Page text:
The Law will also create an Obligatory Registry of Patients with Cancer dependent on MSPBS. All public and private institutions of the National Health System will obligatorily keep the records according to set guidelines. 

The Registry will work actively and permanently, guaranteeing the opportunity for uniformity, comprehensiveness and comparability of the data. In all cases, confidentiality and respect for the patient's rights will be guaranteed.

By adopting the Law, the State will guarantee to all persons with cancer, the full protection of all the rights and guarantees outlined in the National Constitution for all the inhabitants of the Republic.

The City Cancer Challenge City Executive Committee has continued to provide support and expert input as the draft Cancer Law is considered for adoption, including meeting with members of the Senate.

 

The Learnings

The City Cancer Challenge needs assessment process has reinforced the belief of the City Executive Committee that a decrease in cancer mortality can only be accomplished through a deep understanding and closer look at the local health system, its characteristics and barriers. The process has also reinforced their belief that changes need to be implemented at different levels, with the commitment of multiple stakeholders from different sectors.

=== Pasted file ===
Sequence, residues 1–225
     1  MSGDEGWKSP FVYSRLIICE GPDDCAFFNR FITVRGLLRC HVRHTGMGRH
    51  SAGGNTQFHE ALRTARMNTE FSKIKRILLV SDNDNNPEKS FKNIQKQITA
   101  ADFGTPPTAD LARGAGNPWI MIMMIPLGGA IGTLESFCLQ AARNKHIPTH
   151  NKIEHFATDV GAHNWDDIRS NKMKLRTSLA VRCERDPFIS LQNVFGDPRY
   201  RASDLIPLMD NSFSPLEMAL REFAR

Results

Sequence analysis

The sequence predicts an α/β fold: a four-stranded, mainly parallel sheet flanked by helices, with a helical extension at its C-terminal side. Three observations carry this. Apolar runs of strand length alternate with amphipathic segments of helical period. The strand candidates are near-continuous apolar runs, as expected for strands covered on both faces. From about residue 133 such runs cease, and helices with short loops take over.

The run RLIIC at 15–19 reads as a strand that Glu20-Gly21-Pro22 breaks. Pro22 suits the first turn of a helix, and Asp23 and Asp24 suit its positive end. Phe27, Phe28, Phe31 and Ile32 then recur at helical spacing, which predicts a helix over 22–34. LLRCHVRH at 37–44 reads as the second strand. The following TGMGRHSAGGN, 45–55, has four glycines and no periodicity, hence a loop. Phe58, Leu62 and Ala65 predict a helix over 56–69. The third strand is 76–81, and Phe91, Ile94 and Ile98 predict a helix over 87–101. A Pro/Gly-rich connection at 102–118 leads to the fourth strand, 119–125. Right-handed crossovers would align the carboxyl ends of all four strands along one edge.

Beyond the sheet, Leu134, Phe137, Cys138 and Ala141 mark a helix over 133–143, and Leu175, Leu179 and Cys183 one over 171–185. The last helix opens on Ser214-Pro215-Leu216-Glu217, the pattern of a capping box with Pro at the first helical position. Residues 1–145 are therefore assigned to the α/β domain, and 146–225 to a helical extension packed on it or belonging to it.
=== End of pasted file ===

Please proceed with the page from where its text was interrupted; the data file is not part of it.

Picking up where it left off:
“Civil society organisations need to play a leading role in advocacy actions to position cancer as a top priority in the political agenda. Initiatives like City Cancer Challenge can help us to build the case to demonstrate to decision makers that investing in improved access to timely and accurate cancer diagnosis and quality treatment is cost-effective.” Dr Ivan Allende, Municipality of Asunción

Passing of the Cancer Law and providing the financial support to implement sustainable cancer control solutions, identified by city stakeholders, are the important next steps for Asunción.

 

The Future

In addition to the Cancer Law, the City Executive Committee continues to work on a range of initiatives to ensure improved cancer control in Asunción.

Other gaps identified by the needs assessment for Ascunión include a lack of trained medical professionals, the need for external quality assurance programmes for diagnostic and treatment services, the absence of standard protocols and multidisciplinary teams driving treatment decisions, an outdated essential oncology medicines list, and a lack of access to these medicines, limited capacity of radiotherapy services and low availability and use of opioids for cancer pain management.

Priorities requiring high and low resource investment, that can address the above-mentioned gaps in cancer care, have been defined, agreed upon and set in motion by the City Executive Committee.

 

*City Cancer Challenge is committed to support 20 cities around the world to take the City Cancer Challenge by 2020. Through the City Cancer Challenge process, cities will conduct a comprehensive needs assessment, identify priorities, and make plans to improve cancer care and treatment for their people.

 

Last update: 
Friday 26 October 2018